HANDOUT #1. Games
Players sit in a circle and a leader whispers an anecdote or quotation to his left-handed neighbor, who repeats the message to the person next to him, and so on. The last player repeats what has been told to him and the original is then repeated for comparison.
Hunt the Slipper
The children sit close together on the ground with their knees
crossed. A slipper is handed to someone in the circle and is passed
around on the outside of the circle (behind the children's backs).
One child stands in the center of the circle holding the other
slipper and says "Cobbler, cobbler, mend my shoe, get it
done by half-past two." The child then attempts to guess
who has the matching slipper until it is found. Whoever is caught
with the slipper stands in the center and the game is repeated.
Consists in one person having a handkerchief bound over his eyes
so as to completely blind him, and thus blindfolded, trying to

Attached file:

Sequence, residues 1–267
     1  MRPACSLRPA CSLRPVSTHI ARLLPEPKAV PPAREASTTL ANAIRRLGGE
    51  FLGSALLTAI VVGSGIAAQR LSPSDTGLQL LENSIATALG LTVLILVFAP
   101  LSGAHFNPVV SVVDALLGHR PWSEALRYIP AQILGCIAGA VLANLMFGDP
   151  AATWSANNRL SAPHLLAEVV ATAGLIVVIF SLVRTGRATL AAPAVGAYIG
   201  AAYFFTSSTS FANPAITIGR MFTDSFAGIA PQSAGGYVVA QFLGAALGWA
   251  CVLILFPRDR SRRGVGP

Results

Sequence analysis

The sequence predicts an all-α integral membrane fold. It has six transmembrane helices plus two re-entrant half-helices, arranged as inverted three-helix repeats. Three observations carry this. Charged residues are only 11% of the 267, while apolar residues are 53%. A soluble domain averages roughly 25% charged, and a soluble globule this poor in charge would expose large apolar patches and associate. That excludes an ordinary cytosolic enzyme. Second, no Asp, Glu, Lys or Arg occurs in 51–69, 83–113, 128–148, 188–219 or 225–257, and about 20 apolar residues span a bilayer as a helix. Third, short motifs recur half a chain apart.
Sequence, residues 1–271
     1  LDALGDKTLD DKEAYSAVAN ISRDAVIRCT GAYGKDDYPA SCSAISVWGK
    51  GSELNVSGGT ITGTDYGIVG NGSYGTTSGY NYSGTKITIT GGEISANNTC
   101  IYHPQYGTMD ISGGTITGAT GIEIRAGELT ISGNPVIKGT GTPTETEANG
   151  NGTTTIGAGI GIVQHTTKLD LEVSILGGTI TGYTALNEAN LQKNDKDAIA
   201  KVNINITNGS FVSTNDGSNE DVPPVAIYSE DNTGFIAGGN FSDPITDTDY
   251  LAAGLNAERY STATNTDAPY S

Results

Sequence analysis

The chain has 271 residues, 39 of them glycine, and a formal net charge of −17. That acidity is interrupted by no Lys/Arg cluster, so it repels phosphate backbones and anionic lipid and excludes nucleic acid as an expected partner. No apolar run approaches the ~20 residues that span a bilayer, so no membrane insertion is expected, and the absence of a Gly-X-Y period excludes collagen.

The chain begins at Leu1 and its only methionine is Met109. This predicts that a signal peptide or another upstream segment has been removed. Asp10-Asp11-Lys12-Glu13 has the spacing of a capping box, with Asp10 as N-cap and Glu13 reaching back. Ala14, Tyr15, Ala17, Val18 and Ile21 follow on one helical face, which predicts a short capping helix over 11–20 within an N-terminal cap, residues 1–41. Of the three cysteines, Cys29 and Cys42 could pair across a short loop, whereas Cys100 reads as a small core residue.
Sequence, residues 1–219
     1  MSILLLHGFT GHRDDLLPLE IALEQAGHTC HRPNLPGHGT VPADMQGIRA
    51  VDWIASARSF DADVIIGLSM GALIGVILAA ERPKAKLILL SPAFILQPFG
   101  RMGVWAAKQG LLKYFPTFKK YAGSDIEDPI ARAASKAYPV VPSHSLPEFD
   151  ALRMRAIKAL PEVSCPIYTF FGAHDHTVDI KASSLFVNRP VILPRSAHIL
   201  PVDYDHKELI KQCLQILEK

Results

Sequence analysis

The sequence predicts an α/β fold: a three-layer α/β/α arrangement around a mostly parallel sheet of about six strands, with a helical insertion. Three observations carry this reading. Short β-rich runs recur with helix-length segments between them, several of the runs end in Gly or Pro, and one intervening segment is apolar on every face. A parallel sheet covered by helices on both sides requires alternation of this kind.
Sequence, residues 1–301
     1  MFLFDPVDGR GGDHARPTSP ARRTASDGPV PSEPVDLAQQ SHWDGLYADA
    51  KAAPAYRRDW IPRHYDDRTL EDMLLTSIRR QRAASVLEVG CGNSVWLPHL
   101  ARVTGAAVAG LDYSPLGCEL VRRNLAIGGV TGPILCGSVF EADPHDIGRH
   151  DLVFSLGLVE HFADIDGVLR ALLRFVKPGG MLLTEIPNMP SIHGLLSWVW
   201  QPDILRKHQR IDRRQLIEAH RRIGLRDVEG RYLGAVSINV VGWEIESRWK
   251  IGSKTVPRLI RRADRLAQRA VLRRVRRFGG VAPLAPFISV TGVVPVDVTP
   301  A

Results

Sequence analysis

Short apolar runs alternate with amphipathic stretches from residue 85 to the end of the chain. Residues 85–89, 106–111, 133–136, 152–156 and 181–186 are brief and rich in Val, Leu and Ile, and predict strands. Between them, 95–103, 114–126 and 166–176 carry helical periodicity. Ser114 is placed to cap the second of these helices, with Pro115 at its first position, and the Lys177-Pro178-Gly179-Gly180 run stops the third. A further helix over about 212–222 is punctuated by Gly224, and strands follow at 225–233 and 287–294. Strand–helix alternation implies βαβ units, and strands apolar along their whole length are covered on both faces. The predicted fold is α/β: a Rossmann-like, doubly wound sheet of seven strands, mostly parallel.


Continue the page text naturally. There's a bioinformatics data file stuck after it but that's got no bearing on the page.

chase the other players, either by the sound of their footsteps,
or their subdued merriment, as they scramble away in all directions,
endeavoring to avoid being caught by him; when he can manage to
catch one, the player caught must in turn be blinded, and the
game begun again. In some places it is customary for one of the
players to inquire of Buff (before the game begins), "How
many horses has your father got?" to which inquiry he responds,
"Three." "What colors are they?" "Black,
white, and gray." The questioner then desires Buff to "turn
round three times, and catch whom you may," which request
he complies with, and then tries to capture one of the players.
It is often played by merely turning the blindfolded hero round
and round without questioning him, and then beginning. The handkerchief
must be tied on fairly, so as to allow no little holes for Buff
to see through.
Drop the Handkerchief
The players stand in a circle and join hands. One walks around
the outside of the circle and drops a handkerchief behind another
player who instantly picks it up and pursues him. When he catches
him the two change places and the game continues.
Cup and Ball
A ball of ivory or hard wood is attached to a stem of the same
substance, having a cup at one end. The player holds the stem
in his right hand. He begins to jerk the stem in an upward motion
causing the ball to jump upward. The player then tries to catch
the ball in the cup.